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Graduate in three years?: A three-year degree may be the solution to rising costs of higher education
Travis Schott
Antelope Staff
Photo from Internet

Students at UNK must complete a minimum of 125 credit hours to earn a bachelor’s degree. In order to accomplish this in four years, they must successfully complete 16 hours per semester. According to UNK factbook, just 22.4 percent of those students who enrolled as freshman in 2004-05 are on schedule to graduate in four years. Additionally, graduation rate information fails to reflect the number of students who already attained advanced placement credits while in high school.

It may be safe to assume many of those students actually procuring a degree in four years likely amassed some college level credits before enrollment at the university level.

The truth is, according to an October Newsweek publication, the average time it takes students to procure an undergraduate degree in the U.S. has recently stretched to six years and seven months. As the time it takes to graduate escalates so does debt, meaning a UNK student would end up paying $30,402 over six years. These estimates don’t include room and board, books, food, entertainment or any other miscellaneous fees.

To combat rising tuition fees, and due to a fledgling economy, some colleges across the U.S. have begun offering three-year undergraduate programs. In Europe, three years has been the norm for some time; however, in the U.S. four-year college curriculums have been the standard since before the American Revolution.

Some schools currently offering three-year programs across the country include Ball State University in Indiana, Bates College in Maine and Iowa’s Waldorf College. Many other universities across the nation are also currently considering the option.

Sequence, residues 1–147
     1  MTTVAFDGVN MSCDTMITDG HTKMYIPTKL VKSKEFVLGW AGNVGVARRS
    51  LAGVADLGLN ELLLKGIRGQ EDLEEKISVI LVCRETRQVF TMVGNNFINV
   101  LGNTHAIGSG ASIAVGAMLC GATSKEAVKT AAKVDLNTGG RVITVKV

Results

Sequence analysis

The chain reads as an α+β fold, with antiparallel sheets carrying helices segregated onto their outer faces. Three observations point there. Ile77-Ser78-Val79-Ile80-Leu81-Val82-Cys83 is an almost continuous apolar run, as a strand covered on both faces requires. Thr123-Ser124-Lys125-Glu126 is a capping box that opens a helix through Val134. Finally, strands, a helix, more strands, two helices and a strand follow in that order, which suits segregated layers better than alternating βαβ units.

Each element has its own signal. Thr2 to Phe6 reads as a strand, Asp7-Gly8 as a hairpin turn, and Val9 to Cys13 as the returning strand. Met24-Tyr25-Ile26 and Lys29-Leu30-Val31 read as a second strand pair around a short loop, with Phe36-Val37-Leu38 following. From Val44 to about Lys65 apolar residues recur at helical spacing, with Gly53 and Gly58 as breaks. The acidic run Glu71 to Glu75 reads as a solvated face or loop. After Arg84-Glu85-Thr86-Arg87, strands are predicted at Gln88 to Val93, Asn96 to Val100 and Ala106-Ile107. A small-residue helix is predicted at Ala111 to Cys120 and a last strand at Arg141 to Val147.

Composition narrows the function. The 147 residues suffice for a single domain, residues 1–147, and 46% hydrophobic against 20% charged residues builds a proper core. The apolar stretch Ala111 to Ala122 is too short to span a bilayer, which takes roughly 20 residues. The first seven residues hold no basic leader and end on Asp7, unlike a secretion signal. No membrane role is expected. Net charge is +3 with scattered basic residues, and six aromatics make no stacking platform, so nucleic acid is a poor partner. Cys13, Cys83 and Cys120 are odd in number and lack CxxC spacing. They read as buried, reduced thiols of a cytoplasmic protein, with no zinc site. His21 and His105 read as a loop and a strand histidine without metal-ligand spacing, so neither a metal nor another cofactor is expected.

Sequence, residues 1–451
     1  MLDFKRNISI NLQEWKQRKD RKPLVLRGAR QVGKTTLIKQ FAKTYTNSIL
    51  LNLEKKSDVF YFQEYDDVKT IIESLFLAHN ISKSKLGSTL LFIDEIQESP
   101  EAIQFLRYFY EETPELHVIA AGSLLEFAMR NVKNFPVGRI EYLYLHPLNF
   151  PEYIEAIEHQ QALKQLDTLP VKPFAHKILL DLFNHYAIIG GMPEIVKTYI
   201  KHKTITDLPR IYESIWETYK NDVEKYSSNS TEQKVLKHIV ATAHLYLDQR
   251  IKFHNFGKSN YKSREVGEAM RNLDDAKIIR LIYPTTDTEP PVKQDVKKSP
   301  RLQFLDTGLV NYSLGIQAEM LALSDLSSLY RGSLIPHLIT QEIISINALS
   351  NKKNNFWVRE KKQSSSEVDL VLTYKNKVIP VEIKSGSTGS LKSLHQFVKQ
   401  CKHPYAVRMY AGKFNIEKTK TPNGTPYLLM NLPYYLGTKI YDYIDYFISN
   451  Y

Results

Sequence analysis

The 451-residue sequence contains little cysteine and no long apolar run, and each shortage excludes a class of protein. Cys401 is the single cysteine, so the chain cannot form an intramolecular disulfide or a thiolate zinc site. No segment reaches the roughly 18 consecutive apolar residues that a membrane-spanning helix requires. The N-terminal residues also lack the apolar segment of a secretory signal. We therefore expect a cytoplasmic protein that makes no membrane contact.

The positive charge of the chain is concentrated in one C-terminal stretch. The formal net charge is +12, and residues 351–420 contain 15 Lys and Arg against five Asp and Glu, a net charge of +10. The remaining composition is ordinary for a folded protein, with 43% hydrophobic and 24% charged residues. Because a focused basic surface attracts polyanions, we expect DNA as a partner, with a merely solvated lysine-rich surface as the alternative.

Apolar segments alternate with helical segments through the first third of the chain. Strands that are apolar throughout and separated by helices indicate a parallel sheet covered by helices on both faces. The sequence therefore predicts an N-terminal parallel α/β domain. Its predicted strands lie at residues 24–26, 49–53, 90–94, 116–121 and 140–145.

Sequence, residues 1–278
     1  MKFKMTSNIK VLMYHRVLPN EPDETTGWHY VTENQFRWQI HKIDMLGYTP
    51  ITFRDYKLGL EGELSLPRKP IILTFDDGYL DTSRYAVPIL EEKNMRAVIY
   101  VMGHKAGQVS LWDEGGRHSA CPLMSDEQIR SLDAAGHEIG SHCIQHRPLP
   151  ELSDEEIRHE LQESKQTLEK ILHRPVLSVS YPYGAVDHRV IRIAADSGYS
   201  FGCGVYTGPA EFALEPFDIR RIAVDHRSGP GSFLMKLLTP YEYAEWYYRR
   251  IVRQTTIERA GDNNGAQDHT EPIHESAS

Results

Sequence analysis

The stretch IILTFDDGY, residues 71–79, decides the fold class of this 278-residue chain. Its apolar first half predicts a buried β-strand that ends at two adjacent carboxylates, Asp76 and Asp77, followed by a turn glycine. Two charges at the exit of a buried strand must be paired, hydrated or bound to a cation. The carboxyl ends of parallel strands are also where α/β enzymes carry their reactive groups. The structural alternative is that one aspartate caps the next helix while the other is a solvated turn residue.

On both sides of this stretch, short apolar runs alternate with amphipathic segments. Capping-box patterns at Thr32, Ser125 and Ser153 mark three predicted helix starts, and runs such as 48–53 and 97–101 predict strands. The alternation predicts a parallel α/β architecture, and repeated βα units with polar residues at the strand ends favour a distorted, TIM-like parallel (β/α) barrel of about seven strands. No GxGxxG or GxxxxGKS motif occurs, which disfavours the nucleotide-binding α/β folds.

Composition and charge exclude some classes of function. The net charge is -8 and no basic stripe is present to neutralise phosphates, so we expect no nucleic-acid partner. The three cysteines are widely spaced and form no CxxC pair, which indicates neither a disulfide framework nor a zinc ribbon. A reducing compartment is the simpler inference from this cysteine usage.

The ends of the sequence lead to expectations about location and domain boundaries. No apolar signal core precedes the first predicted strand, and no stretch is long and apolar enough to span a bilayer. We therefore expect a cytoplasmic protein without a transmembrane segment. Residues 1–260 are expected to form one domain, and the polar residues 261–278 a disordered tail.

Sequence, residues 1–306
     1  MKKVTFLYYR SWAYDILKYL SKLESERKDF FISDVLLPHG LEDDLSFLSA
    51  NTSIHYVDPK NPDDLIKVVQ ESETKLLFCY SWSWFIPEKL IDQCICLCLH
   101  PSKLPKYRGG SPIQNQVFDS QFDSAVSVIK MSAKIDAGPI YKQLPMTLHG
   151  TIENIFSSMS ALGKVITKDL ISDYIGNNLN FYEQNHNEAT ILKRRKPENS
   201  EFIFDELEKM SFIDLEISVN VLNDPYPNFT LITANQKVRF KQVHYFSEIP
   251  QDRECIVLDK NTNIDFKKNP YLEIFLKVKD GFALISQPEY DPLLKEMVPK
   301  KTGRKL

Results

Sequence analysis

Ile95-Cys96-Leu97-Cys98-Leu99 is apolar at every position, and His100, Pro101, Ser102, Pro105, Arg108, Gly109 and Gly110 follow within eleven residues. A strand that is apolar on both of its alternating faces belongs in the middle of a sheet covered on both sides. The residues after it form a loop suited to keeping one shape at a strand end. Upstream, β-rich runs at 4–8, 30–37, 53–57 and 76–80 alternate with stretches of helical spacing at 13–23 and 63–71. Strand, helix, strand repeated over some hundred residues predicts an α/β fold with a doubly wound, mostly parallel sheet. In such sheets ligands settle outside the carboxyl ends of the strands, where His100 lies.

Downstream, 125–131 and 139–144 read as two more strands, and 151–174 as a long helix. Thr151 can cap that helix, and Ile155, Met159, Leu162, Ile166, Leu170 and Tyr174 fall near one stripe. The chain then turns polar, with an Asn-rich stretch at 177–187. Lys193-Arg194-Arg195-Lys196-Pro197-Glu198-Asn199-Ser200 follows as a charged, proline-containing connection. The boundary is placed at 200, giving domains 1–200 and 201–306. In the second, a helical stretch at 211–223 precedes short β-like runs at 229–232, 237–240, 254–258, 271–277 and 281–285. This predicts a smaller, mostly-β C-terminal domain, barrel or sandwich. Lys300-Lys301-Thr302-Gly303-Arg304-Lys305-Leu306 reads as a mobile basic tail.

UNK currently has no three-year programs in place, but Dr. Charles Bicak, senior vice chancellor of academic and student affairs, feels a three-year alternative would require attention if demand grew.

“We will have to remain open to all alternatives. If we fail to remain open to the delivery of academic options to our students, we are missing the boat,” Bicak said.

Individuals electing to complete three-year programs stand to save 25 percent on tuition fees, but in the long run condensed undergrad programs could potentially lead to more hikes in tuition. Universities would likely have to construct additional facilities and increase faculty numbers. The workload for faculty could conceivably increase.

On some levels Dr. Keith Terry, professor of communications tends to agree. “Larger workloads could potentially increase for faculty, but it would most likely result in students experiencing a more advanced curriculum and the need for more faculty would likely be required.”

It is possible to obtain your undergraduate degree at UNK in three years, but it takes a high level of commitment. The numbers reflect few are willing to tackle such an undertaking. According to UNK factbook, 1.5 percent of students enrolling in 2006 are on schedule to  graduate this year. Once again, however, these statistics neglect to note what percentage of those students already had college credit from another university or how many are transfers.

Three-year degrees are definitely not for everyone. After all college is not just about the gaining of knowledge and academics, it’s about the social experience and the acquisition of life lessons not presented anywhere else.

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